COVID-19 caught the world by surprise. Initially thought of as benign, it turned out to be fatal and caused nations to go into recession. The coronavirus forced people to innovate and turn toward technology to address several woes brought on by widespread lockdowns. Most have adapted aided by technology, which we expect to live on post-COVID-19.
Technology Use amid the Pandemic
Today, many healthcare institutions rely on robots to provide care for people infected with COVID-19. Innovations like autonomous robot cleaners are also utilized to disinfect highly infectious areas.
Several businesses also resorted to using artificial intelligence (AI) to continually provide their consumers goods and services despite operating on skeletal workforces. For one, Amazon Go Grocery is a connected supermarket that uses deep learning, computer vision, and sensor fusion to limit face-to-face transactions during grocery runs.
While these innovations all stemmed from curtailing the spread of COVID-19, we may see them in use in a post-coronavirus future.
What Will the Post-Coronavirus Future Look Like?
We compiled five predictions for a post-COVID-19 world below.
More Robust Digital Infrastructure
COVID-19 led to the physical closure of almost all businesses and schools worldwide. Employees were forced to start working from home but couldn’t do so without communicating with colleagues. That’s why most organizations had to resort to digital solutions to stay connected. After battling several hurdles, many are now realizing that they can continue to operate remotely—something that we may see even in a post-coronavirus future.
For that to be possible, though, telecommunication service providers need to strengthen their digital networks. Cloud capacities need upgrades as well to serve the needs of more users.
Increased Used of Telehealth Consultations
Telemedicine is not a new concept. The technology emerged in the 1950s, mostly in rural areas where access to medical care proved challenging. While it offers convenience, it did not become mainstream as most doctors and patients still preferred face-to-face consultations.
Now, we’re seeing a whole new different story unfold. In-person care is currently limited to those who require it in a global attempt to curb the spread of COVID-19.
Telemedicine allows doctors and patients to communicate without leaving their premises effectively. And because of the convenience it provides, we may also see more people flock toward the technology in a post-coronavirus future.
Centralized Food Distribution
We know that AI is already widely used in the food industry. Suppliers rely on Internet of Things (IoT) sensors for supply chain management. Manufacturers, meanwhile, use robots for food packaging. These technologies have streamlined food distribution, as we’ve seen during the pandemic. Because of their proven benefits, many may continue to rely on AI and IoT long after the lockdowns are lifted.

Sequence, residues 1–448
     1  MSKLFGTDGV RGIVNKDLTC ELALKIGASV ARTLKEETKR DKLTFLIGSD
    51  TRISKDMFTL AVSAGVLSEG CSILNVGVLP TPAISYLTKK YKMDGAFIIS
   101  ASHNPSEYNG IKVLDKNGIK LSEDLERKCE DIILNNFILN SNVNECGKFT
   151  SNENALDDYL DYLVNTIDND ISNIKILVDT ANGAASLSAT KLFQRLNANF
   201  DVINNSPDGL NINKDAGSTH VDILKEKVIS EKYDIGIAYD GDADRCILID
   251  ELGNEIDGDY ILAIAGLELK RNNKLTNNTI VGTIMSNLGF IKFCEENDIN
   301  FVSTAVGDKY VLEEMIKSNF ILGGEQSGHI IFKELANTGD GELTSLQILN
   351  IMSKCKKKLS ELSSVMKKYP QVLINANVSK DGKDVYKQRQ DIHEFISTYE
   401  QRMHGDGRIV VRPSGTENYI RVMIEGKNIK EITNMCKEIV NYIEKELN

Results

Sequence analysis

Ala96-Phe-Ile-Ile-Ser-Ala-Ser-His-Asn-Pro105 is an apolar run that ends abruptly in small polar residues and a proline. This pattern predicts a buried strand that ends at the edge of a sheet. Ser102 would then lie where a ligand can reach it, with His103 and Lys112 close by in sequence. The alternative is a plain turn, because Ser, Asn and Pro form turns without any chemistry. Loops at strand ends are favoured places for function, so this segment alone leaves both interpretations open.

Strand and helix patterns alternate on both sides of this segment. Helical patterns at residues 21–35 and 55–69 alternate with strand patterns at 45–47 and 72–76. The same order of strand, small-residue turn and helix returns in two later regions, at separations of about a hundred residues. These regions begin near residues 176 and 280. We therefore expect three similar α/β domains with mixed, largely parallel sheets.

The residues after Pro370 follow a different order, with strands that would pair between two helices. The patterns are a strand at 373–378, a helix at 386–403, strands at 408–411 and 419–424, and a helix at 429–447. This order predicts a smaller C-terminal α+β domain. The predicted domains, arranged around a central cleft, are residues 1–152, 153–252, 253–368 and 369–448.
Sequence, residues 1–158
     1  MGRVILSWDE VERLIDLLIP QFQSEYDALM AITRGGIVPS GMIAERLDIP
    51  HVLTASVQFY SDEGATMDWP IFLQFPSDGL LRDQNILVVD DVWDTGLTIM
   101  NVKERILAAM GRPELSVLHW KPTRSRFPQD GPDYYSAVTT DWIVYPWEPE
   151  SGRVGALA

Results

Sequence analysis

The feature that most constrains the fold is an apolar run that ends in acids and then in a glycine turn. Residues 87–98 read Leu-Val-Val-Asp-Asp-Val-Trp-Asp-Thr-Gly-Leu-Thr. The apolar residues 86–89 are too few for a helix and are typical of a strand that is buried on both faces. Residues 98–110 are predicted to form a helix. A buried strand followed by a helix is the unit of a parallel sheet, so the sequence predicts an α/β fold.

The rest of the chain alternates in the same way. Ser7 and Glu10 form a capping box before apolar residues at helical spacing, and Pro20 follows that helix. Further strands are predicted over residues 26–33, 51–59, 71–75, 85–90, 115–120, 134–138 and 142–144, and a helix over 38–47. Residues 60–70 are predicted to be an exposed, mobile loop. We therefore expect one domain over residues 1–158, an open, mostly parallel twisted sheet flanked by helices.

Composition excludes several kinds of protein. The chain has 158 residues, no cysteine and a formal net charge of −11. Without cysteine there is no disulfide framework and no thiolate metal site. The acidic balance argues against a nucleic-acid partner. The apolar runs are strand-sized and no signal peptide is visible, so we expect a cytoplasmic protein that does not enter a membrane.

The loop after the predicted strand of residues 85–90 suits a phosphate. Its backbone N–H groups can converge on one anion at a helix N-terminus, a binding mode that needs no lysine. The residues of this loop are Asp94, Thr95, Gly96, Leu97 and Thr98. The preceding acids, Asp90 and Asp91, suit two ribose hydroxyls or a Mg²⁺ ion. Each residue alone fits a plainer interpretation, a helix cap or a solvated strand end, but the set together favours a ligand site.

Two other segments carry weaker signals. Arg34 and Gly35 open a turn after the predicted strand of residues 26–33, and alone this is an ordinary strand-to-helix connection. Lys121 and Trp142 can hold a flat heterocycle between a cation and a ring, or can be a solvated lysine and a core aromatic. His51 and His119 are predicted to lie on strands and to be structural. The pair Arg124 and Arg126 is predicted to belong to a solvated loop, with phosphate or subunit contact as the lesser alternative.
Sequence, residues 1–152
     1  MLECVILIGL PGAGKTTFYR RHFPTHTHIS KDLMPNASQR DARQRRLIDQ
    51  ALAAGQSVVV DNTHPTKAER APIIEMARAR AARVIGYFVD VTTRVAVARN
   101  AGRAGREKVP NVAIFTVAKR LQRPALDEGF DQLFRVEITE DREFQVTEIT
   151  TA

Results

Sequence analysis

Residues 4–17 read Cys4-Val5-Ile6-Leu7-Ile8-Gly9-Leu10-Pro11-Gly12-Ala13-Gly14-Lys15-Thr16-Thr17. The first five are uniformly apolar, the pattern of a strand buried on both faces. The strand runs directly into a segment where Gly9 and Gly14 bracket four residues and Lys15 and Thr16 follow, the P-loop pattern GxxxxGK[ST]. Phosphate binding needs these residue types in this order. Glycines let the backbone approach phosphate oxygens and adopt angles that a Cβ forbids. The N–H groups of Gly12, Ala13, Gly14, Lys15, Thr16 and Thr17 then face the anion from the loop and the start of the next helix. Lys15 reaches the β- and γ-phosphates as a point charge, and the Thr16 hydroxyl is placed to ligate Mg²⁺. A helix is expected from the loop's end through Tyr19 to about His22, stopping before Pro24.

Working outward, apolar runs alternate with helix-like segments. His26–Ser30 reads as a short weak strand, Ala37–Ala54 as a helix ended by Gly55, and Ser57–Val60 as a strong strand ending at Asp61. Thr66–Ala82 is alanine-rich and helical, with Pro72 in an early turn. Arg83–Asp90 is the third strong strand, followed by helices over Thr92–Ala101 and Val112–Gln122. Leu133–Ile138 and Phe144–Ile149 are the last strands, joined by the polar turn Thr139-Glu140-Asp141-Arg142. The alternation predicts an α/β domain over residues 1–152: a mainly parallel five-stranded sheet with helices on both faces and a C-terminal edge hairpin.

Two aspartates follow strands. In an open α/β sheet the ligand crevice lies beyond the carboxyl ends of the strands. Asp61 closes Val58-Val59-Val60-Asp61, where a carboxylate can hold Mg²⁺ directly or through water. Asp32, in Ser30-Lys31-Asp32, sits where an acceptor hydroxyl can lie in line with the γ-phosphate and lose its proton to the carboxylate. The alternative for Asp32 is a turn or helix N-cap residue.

It may not even be surprising to see a post-coronavirus future where people have goods delivered or pick them up after ordering from automated systems. Who knows? Maybe today’s shopping malls will become large food hubs instead.
Safety over Privacy
Before the pandemic, many people frowned upon being tracked by technological applications due to privacy concerns. Now, people are slowly embracing the concept as they prioritize safety over privacy. In fact, many countries, including Germany, Australia, South Korea, China, Italy, and India, are using COVID-19 apps for contact tracing, which would have been considered intrusive in the past.
Here’s how contact tracing works:
In a post-coronavirus future, tracking apps could become a necessity. They may evolve into apps that people can use to automate goods and service procurement. Or monitor large gatherings that may pose security issues.
Brick-and-mortar stores have long been on the brink of death, and it seems that the coronavirus gave them one final blow. More and more people are now relying on online stores for their needs. Aside from the convenience that e-commerce offers, people feel safer from COVID-19 if they have their groceries and other necessities delivered to their doorsteps instead of going out.
In a post-coronavirus future, shopping malls and groceries may become a thing of the past, and online stores will become the new normal.
In a post-coronavirus future, technology is bound to become the main driver of the economy. Expect more people to work from home, schools to offer online classes, more and more online shops, and businesses to rely on big data and ML to cope with the changing times.